Fourth, marriage is for the purpose of establishing loving homes, where children are welcomed and loved, not molested, or indoctrinated in a lifestyle of perversion.

Fifth, marriage is permanent. What God has joined together, let no man put asunder for every silly cause.

Finally, indiscriminate sexual relationships in which marital partners are freely exchanged are prohibited.

These general principles set forth from this passage can be very disturbing to members of our society.

The temptation comes to make the words of Jesus mean less than what they do. The temptation comes to dismiss the Lord’s ethical teaching in a high-handed manner. The Christian does not want to do either of these. Rather, we want to keep the faith. Gospel faith is kept, and Christ is honored in two ways.

Christ is honored by His people avoiding improper relationships leading to a temptation to do wrong. Many a friendship has gone too far, if the truth were told, leading to regrettable results.

Christ is honored by His people dealing honestly with the past. In a fallen world people do hurt one another in the home. Domestic violence produces alarming statistics each year of bloodshed and beatings. There is verbal abuse, and mental cruelty. And more often than not, marital separation. Sometimes it is justified; often it is not.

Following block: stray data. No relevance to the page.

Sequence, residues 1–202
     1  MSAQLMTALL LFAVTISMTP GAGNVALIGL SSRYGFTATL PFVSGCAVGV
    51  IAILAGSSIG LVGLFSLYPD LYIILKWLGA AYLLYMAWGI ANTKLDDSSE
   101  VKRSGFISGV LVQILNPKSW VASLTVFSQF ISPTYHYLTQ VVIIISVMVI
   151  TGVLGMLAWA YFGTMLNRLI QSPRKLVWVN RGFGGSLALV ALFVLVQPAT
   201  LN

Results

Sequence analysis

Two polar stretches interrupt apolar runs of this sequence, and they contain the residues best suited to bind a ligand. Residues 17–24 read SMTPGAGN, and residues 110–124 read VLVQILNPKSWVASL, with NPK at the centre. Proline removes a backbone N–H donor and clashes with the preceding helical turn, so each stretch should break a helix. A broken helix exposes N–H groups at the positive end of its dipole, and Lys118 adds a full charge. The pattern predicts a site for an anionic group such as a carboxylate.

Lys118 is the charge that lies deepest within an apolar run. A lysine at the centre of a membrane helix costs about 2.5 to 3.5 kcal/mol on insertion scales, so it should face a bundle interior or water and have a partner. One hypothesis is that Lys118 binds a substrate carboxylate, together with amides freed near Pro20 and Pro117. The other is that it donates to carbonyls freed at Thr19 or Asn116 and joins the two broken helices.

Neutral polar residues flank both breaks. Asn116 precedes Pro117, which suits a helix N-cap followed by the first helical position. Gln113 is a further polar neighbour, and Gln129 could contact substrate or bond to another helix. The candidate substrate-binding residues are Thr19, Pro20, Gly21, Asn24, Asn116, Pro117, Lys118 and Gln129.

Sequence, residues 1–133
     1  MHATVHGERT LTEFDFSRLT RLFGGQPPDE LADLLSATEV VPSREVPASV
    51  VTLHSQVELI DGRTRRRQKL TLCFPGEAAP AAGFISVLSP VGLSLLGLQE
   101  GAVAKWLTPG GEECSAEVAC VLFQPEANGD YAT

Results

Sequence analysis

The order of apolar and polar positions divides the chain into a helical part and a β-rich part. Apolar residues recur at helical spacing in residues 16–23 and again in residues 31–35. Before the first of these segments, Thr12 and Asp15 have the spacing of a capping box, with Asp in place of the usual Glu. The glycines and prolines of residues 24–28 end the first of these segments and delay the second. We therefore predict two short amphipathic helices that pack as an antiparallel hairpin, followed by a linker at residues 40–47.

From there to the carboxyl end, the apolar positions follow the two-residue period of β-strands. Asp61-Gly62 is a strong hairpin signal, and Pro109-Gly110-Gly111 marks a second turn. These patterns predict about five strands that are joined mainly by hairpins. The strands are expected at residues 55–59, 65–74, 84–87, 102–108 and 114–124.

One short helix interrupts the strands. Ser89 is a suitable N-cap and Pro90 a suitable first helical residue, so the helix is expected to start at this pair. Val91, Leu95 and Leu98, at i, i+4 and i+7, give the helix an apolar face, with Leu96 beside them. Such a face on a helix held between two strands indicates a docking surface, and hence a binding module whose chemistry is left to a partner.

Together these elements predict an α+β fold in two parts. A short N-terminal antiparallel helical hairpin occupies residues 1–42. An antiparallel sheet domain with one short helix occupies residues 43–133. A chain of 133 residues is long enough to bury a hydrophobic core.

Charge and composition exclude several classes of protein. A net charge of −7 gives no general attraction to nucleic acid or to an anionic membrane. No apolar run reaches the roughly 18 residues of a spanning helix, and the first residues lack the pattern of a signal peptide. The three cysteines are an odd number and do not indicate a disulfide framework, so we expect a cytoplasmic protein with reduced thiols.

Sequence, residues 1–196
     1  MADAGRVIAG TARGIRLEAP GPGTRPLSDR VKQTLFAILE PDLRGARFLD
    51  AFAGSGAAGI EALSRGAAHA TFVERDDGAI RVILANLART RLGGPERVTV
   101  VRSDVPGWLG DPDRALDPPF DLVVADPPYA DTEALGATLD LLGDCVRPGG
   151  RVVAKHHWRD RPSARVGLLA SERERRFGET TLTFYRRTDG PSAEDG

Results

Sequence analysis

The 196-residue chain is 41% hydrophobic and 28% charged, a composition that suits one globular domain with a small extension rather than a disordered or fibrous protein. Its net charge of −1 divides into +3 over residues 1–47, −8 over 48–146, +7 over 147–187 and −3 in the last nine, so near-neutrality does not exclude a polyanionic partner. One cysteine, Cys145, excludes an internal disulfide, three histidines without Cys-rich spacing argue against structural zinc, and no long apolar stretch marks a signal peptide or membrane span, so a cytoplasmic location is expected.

The main concern for those who are the product of a broken past is whether or not God will forgive. And the answer is yes, but the past has to be dealt with. Let me suggest four ways to deal with the past.

First, realize that whatever inappropriate relationships have been embraced in the past cannot be reversed. There are some actions in life that cannot be mended.

Adam and Eve ate of the forbidden fruit, and plunged all of humanity into sin.
Moses killed an Egyptian, and tried to cover up his crime.
David committed adultery with Bathsheba, and murdered her husband. While his repentance is recorded in Psalm 51, the consequences of his actions are recorded in Hebrew history. David endured a fourfold measure of divine discipline. His acceptance of God’s judgment led to his redemption and restoration to divine favor.
Peter denied the Lord three times.
Saul of Tarsus stood by while a saint was stoned to death.